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Mother Linda’s Update  © Mother Linda's


April 2004 

The 60th Anniversary of D-Day, June 6, 2004

On March 16, 2004, I attended a press conference at the French ambassador’s residence in Washington, D.C., held to announce the activities being planned in Normandy for the 60th anniversary of D-Day.

That’s me standing by a beautiful bouquet in the residence’s reception area (picture courtesy Mary Gallagher). 

The French ambassador to the United States, H.E. Jean-David Levitte, waxed poetic about French-American relations, especially in relation to tourism. “Tourism is more than travel,” said Levitte. “It is also a wonderful opportunity to better know and understand each other. On the 6th of June this year, we will commemorate the 60th anniversary of D-Day. And, believe me, it will be a wonderful opportunity to say again, ‘Thank you, America.’ We worked together in the early days of your independence. You saved France twice last century, at the end of the First World War and at the end at the Second World War. And we will never forget.”

For more of the ambassador’s comments on the history of French-American relations, see www.info-france-usa.org/news/statmnts/2004/levitte_florida032204.asp

This June, France is welcoming the return of D-Day veterans by arranging complimentary, private home stays for them throughout Normandy during the celebration. For more information see, http://www.normandiememoire.com and http://www.normandy-tourism.org

Reynolds does Right

In the article “My Pots and Pans” (see http://www.motherlindas.com/pots_and_pans.htm), I explain why I am not a fan of aluminum in the kitchen, the most important reason being that acid foods can leach the metal into the food. The only aluminum in my kitchen is four aluminum cookie sheets—which I always line with sheets of parchment paper. Nor am I a fan of Teflon-lined muffin tins.

 Over the years, Reynolds has sent me many samples of their new items, but finally something caught my attention that is worth mentioning and worth bringing into your kitchen. Reynolds has just come out with a line of parchment-lined aluminum baking cups for muffins and cupcakes. They say it’s for easy cleanup—but I applaud the fact that the batter is not touching the aluminum. The cups are freestanding so you don’t even need a muffin tin. All you have to do is set them on a cookie sheet, fill, and bake. If you’re spring cleaning, throw out the Teflon-lined muffin tins and switch to these aluminum/parchment baking cups. Bravo Reynolds!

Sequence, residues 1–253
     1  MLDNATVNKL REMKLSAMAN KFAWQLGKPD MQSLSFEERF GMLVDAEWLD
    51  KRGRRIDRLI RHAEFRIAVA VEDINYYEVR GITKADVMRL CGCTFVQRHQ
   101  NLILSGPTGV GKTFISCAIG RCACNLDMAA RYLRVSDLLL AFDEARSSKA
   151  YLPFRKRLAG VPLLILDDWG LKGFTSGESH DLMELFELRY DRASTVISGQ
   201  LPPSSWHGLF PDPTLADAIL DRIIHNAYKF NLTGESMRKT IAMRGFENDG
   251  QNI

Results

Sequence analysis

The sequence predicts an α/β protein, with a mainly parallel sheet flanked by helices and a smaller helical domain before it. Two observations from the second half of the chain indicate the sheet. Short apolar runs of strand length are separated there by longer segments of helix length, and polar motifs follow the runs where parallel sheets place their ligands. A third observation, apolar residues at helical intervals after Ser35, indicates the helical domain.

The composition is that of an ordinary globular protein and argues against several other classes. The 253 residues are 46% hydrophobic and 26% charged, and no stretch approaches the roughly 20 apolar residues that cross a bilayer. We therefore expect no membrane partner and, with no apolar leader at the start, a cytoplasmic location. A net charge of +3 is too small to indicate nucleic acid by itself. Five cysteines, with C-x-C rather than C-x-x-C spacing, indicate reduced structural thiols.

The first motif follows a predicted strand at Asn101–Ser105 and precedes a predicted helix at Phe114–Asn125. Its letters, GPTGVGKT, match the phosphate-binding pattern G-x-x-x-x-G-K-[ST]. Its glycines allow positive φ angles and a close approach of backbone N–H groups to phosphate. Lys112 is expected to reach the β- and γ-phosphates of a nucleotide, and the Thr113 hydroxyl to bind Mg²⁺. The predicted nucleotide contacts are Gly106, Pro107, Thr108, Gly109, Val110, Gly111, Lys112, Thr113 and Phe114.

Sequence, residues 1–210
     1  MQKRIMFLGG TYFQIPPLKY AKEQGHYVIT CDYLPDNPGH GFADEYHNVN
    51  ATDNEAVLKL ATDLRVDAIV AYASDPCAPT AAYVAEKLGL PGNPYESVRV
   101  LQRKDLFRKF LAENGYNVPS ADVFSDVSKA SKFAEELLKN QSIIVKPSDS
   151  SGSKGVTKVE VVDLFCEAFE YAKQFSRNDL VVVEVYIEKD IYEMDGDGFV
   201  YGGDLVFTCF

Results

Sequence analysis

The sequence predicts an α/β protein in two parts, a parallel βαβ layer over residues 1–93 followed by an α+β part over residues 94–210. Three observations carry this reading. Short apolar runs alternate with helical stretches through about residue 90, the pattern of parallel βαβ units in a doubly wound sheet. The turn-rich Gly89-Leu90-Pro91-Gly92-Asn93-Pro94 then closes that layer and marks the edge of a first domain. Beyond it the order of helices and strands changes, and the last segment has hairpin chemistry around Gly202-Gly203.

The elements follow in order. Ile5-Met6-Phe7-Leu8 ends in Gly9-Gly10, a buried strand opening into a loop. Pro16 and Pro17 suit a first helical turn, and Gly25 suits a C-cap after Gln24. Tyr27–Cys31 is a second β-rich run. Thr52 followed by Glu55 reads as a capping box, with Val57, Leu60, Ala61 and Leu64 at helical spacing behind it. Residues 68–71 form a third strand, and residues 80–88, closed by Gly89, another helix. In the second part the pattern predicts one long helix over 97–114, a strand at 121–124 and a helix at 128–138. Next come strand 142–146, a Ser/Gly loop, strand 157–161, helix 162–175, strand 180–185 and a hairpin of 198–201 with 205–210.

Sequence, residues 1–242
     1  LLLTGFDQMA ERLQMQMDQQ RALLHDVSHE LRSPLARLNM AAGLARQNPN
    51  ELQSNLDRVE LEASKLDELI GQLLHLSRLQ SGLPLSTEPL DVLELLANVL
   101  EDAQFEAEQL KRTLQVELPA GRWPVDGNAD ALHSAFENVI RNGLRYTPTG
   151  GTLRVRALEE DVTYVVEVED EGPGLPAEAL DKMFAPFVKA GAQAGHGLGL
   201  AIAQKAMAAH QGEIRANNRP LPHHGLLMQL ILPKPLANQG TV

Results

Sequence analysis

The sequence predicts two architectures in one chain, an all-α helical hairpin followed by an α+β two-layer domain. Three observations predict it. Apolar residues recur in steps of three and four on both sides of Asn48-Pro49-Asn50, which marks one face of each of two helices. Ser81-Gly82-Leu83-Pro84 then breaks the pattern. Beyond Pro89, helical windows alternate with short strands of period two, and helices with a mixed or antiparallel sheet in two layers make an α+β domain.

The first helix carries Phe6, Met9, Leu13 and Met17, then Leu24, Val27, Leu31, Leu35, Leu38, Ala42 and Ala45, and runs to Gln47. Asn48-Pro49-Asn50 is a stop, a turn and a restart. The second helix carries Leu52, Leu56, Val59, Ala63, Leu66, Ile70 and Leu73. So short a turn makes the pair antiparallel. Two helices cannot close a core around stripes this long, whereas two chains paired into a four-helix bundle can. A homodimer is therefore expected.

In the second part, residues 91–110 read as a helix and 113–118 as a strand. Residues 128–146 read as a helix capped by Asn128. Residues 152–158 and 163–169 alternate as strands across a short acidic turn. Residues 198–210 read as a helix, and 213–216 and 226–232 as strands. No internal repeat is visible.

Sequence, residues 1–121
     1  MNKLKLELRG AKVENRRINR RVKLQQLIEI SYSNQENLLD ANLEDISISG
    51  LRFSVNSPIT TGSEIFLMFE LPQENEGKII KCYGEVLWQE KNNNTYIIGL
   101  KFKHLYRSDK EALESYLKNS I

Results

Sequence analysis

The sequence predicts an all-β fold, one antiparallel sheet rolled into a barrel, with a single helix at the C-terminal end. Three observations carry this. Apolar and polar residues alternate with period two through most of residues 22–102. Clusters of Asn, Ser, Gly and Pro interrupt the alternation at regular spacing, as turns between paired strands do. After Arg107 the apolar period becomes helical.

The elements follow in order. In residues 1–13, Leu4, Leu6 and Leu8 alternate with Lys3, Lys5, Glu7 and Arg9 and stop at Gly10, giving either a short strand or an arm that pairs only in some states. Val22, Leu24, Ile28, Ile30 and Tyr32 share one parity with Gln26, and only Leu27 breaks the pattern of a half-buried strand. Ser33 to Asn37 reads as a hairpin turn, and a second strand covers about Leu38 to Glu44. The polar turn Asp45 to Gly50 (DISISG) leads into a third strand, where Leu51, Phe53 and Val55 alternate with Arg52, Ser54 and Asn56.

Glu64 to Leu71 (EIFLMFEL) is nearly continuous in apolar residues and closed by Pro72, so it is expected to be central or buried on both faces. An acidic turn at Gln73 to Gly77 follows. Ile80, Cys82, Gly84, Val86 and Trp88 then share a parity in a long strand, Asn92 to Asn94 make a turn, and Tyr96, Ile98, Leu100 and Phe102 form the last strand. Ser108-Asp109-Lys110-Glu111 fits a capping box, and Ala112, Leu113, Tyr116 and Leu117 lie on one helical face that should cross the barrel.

Pastel di Carne con Massa Fina

This Bulgarian Sephardic* recipe is from my cookbook Bulgarian Rhapsody: The Best of Balkan Cusine. It will make a beautiful addition to your Easter or Passover table. The meat/eggplant filling is encased in an incredibly tasty crust. I bake mine in a 12-inch quiche pan by Villeroy & Boch, which unfortunately is no longer available—so any family-size baking dish will do.


2 1/2 cups white flour

pinch of salt

5 1/2 oz. butter, softened

1 Tbsp. oil

1/4 cup sparkling water

1 Tbsp. vinegar


Sift the flour and salt, onto a flat surface and make a hole in the middle. Pour in the oil, butter and margarine. With your fingertips, mix the flour lightly with the poured in ingredients. Gradually add the sparkling water and the vinegar. Knead the dough and shape it in the form of a ball. Wrap in plastic or parchment paper and refrigerate while making the filling.

For the stuffing:

1 small eggplant

1 medium onion, chopped

1 lb. ground beef

2 eggs

1/2 bunch parsley, chopped

1 tsp. salt or to taste

1/4 tsp. black pepper, freshly ground

1 egg yolk, for eggwash

1 Tbsp. water, for eggwash

Roast, peel, and chop the eggplant in advance. Fry the onion with a little oil until it becomes slightly brown. Add the meat and cook until it changes color. Add the chopped eggplant, eggs, chopped parsley, salt, and pepper. Mix well and cool.

Roll out slightly more than half of the dough; transfer to the bottom of a well-oiled 12-inch baking dish. Pour in the stuffing and spread out evenly. Roll out the remaining dough and cover the stuffing with it. Roll the edges together to create a seal. Brush the upper crust with eggwash and use a fork to poke a few holes in the top. Bake in a 350EF oven until the pie acquires a golden color, approximately one hour. Serve hot.

*The bulk of Jews who settled in Bulgaria came from Spain in the fifteenth century. Seeking refuge from the Inquisition, thousands of Sephardic Jews migrated to the Balkans. The Spanish influence on Bulgarian Jewish food is evident. It is an intriguing blend of Spanish and Balkan cuisine, with some dishes even mixing the two languages and blending the traditional foods. All Bulgarian Jewish cookbooks are written in Ladino, the Jewish dialect of Spanish developed during the Jewish diaspora by Sephardic Jews who settled in the Balkans and some Middle Eastern countries.